The unusual hot weather affecting the region could create a dangerous situation in which heat illness is possible, according to the National Weather Service. This week could reach temperatures of 100 degrees or more.
“Thursday should be the hottest day in this stretch for most spots, and high temperatures will probably be within 5 degrees of the all-time record high,” according to the release.
Tuesday will see temperatures in the mid-80s to lower-90s and will warm to the 90s to near 105 degrees by Thursday.
“Heat illnesses are possible with temperatures this hot,” according to the release. “People engaged in outdoor activities should have access to plenty of beverages as well as places to get out of the direct sunlight.”
The National Weather Service advises everyone to drink plenty of fluids and avoid strenuous activities; avoid the sun and seek share; stay in air-conditioned areas; check on relatives and neighbors who might be susceptible to heat-related illnesses; don’t leave children, elderly, disabled persons or pets in a hot car; and make sure outdoor pets have shelter from the sun and plenty of water to drink.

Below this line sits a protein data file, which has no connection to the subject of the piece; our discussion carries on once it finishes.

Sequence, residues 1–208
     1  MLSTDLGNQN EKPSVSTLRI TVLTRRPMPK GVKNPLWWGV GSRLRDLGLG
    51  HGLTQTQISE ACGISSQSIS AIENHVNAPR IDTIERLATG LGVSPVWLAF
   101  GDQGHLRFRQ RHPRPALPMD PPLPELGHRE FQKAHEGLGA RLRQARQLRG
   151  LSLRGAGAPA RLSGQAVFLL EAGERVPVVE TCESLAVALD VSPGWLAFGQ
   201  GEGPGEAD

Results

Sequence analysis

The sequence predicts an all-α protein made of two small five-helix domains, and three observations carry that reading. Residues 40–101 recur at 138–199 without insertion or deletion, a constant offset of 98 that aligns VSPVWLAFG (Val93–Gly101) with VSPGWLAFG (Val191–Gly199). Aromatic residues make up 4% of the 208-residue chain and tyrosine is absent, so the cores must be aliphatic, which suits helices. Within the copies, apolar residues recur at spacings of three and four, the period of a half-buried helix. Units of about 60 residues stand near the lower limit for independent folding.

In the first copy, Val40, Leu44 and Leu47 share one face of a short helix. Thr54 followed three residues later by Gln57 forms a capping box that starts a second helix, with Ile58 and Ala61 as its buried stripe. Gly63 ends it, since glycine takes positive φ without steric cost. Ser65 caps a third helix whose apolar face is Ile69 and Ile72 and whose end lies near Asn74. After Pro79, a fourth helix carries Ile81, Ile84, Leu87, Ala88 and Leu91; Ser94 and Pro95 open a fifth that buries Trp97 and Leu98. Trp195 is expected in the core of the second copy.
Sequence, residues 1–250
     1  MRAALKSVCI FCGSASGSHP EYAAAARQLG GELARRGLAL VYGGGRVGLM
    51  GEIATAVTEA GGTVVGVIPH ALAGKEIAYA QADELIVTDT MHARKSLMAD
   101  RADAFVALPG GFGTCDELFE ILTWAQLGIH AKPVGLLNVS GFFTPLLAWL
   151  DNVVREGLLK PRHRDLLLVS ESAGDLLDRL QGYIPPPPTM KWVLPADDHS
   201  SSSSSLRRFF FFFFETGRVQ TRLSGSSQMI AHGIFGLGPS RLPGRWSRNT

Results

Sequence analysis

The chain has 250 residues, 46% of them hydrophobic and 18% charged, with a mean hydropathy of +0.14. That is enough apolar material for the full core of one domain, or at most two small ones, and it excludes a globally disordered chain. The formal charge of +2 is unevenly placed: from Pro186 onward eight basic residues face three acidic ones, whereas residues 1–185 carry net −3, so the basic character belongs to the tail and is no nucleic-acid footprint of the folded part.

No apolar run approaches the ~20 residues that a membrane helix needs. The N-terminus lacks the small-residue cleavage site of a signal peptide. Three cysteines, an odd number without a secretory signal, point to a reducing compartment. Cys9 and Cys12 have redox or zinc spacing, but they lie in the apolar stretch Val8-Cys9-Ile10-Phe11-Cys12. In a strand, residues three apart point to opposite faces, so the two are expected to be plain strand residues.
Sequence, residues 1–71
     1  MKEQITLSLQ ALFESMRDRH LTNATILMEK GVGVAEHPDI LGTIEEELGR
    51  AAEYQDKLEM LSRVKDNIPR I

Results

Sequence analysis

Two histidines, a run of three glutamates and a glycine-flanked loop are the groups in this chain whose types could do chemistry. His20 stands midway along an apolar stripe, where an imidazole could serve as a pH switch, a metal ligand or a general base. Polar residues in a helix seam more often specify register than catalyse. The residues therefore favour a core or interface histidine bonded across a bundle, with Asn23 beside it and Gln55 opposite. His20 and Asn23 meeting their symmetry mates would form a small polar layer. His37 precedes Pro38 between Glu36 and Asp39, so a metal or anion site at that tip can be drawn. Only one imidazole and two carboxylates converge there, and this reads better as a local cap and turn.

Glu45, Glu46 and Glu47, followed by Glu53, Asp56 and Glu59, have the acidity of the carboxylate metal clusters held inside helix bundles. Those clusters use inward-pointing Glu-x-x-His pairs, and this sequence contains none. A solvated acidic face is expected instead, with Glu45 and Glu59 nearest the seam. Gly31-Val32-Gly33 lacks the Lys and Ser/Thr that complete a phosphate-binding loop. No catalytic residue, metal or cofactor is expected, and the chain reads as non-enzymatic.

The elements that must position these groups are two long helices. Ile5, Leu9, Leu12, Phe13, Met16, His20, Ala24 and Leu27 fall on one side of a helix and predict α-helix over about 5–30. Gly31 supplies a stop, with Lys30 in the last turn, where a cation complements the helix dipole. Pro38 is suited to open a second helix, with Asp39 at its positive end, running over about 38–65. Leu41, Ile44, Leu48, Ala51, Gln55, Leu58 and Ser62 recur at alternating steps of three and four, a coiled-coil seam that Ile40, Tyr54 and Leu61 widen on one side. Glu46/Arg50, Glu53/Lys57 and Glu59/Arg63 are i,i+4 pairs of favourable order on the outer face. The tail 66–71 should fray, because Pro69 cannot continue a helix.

King County also encourages people to be alert to signs of heat exhaustion and heat stroke.
Heat exhaustion comes with signs of heavy sweating; weakness; cold, pale and clammy skin; a weak pulse; fainting; and vomiting.
Heat stroke comes with signs of a high body temperature (103 degrees or higher); hot, dry skin; rapid and strong pulse; possibly unconsciousness. Heat stroke is a medical emergency. Call 9-1-1.
For more “Beat the Heat” tips, go to www.kingcounty.gov/depts/health/emergency-preparedness/preparing-yourself/hot-weather.aspx.